Sixteen Ways to Defend a Walled City Cover
One of my favourite books of 2019 so far, this is a hilarious piece of fantasy fiction that I just could not put down.

1000 – Veronica Mars: The Thousand-Dollar Tan Line by Rob Thomas and Jennifer Graham

The Thousand-Dollar Tan Line Cover
My final honourable mention is this clever and enjoyable tie-in novel to the popular Veronica Mars television show. Written by the show’s creator and containing an excellent mystery and interesting additions to the canon, this is a must read for Veronica Mars fans, especially in its audiobook format, which is narrated by Kristen Bell.

Top Ten List:

One – Batman: Year One by Frank Miller and David Mazzucchelli

Batman Year One Cover.jpg

I was initially planning to use either DEV1AT3 by Jay Kristoff (which would have been kind of cheating) or First Watch by Dale Lucas, but then I remembered Batman: Year One. This is one of the most iconic Batman comics of all times, which completely reinvented the origins of Batman for an entire generation and served as the main inspiration for the Batman Begins film. Special callout also to Batgirl/Robin: Year One as well, which are both pretty awesome comics.

Two – The Two Towers by J. R. R. Tolkien

The Two Towers Cover.jpg
This caused me a bit of trouble, mainly because I had two great options to choose from. I was sorely tempted to use The Two Swords by R. A. Salvatore, mainly because Salvatore is one of my favourite authors, but in the end, I decided I could not pass up on the fantasy classic that is The Two Towers, even if it has been a rather long time since I last read it.

Three – The Third Day, the Frost by John Marsden

The Third Day, The Frost Cover

The Third Day, the Frost is the third book in Marsden’s Tomorrow series, which is an absolute classic Australian series and one of my personal favourite sets of books to read and re-read. I was very glad that I was able to include this book on this list, although I was also tempted to use The Third Nero by Lindsey Davis. The Third Day, the Frost is an amazing part of the overall series, not only because it contains some major plot developments, but because it puts all of its characters, and by extension the reader, through an extreme emotional wringer. All of the books in the Tomorrow series come highly recommended, and The Third Day, the Frost has some extremely well-written and harrowing moments in it.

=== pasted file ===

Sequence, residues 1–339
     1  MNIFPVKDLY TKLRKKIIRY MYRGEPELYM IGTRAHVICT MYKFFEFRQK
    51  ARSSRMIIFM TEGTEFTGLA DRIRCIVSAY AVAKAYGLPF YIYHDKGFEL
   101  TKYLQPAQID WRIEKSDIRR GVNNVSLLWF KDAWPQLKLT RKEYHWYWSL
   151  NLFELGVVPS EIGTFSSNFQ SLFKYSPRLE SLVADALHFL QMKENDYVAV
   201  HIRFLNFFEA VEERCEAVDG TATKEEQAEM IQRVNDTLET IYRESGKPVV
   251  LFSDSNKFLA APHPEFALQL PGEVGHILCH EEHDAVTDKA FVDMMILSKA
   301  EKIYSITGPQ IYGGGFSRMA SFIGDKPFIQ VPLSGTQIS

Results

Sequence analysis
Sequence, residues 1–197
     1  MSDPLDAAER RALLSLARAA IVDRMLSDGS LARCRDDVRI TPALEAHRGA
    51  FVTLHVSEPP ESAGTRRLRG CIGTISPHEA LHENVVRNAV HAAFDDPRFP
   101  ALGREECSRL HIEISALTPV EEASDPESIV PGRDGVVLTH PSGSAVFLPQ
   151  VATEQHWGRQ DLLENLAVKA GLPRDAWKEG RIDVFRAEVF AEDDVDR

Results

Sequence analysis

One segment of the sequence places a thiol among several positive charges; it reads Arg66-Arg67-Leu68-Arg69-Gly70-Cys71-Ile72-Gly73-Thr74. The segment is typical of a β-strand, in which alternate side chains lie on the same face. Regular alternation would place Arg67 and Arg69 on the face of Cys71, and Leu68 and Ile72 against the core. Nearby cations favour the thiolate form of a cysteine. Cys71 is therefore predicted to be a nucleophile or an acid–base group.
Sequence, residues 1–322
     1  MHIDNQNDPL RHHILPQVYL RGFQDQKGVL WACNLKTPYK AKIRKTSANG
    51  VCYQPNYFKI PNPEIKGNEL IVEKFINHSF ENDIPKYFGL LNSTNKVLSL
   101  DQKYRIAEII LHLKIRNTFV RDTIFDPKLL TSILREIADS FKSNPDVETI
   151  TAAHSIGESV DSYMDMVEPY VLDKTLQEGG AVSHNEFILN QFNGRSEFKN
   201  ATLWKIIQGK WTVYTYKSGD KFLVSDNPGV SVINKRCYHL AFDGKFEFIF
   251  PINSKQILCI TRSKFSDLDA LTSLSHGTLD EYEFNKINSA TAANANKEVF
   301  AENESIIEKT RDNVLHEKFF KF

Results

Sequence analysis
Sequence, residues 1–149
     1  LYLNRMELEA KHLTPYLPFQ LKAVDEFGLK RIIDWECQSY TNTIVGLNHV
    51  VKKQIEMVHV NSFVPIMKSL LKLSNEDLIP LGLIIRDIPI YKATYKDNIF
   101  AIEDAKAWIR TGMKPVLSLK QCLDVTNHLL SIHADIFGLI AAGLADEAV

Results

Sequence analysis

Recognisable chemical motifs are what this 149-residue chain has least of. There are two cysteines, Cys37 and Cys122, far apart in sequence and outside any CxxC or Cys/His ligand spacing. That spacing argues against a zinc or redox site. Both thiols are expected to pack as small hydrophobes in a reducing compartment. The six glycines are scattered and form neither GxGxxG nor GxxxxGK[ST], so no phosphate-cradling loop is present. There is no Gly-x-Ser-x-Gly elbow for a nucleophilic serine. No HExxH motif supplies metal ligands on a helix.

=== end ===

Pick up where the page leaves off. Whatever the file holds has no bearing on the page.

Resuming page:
Four – All New Wolverine – Volume One: The Four Sisters by Tom Taylor and David Lopez

All-New Wolverine Volume 1 Cover

The first volume in an extremely fun comic book run of Wolverine, The Four Sisters introduced Marvel Comics fans to the female version of the character, as X-23 took on her father’s mantle following his death. This first volume does a wonderful job setting up the entire series, and it has a special place in my heart for introducing one of my favourite recent Marvel characters with Gabby, aka Honey Badger, X-23’s juvenile clone who is responsible for much of the series’ comedy.

Five – The Fifth Elephant by Terry Pratchett

The Fifth Elephant Cover.jpg

You know a book list is good when it includes a Terry Pratchett novel. Pratchett is probably my favourite author ever, and I am always glad when I can mention one of his books on this blog. The Fifth Elephant is unfortunately the only Discworld book that has a number in its title; however, it is a great addition to this list, especially as it is a key addition to the excellent City Watch subseries and features a comedic murder mystery in a Transylvanian inspired wilderness.

Six – Secret Six (2008) by Gail Simone

Secret Six Cover.jpg

Secret Six was a severely underrated comic book series back in 2008 that followed a small team of villains in the DC universe. Spinning off from the Infinite Crisis connected limited series, Villains United, the Secret Six featured a great roster of characters including the surprisingly badass Catman, Deadshot, Bane, Rag Doll, Scandal Savage and the banshee Jeannette. Lasting for 36 issues, this was an extremely well written series that had some real heart and lot of fun. I decided to include the entire series rather than any specific volume, as you need to read the whole run to really appreciate it.